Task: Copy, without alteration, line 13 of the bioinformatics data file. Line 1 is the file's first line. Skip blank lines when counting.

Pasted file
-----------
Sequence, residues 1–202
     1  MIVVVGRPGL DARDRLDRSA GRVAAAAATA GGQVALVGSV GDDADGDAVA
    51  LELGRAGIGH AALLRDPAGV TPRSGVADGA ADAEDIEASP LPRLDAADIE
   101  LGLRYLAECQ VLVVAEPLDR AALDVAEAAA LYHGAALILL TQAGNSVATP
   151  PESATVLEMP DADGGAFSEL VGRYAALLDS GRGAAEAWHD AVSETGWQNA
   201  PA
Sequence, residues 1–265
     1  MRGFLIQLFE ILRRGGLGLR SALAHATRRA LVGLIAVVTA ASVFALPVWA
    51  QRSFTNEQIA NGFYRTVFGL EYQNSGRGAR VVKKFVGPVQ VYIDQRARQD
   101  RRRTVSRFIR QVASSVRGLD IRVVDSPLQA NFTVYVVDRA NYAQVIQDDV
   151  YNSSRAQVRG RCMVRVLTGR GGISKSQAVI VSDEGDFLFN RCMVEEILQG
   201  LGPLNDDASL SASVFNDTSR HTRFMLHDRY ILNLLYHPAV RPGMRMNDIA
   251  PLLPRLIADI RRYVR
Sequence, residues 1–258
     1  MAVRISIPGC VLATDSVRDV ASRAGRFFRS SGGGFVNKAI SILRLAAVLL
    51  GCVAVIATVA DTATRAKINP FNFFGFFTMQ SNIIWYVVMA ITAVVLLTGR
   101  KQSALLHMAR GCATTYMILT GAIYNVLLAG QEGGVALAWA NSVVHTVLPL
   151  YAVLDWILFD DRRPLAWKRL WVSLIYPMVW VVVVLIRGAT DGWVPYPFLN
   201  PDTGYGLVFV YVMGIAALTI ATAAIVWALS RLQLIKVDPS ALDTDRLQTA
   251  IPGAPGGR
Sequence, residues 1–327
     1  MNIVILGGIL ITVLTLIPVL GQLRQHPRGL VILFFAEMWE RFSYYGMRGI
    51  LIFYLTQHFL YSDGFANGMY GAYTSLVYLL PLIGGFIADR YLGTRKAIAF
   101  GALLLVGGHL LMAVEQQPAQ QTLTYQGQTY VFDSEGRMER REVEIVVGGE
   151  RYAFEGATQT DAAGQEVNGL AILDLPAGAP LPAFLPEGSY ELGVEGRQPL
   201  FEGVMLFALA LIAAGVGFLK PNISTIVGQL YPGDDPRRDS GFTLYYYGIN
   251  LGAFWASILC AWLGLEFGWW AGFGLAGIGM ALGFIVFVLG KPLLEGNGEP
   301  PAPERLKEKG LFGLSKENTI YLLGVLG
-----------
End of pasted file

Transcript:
   251  PLLPRLIADI RRYVR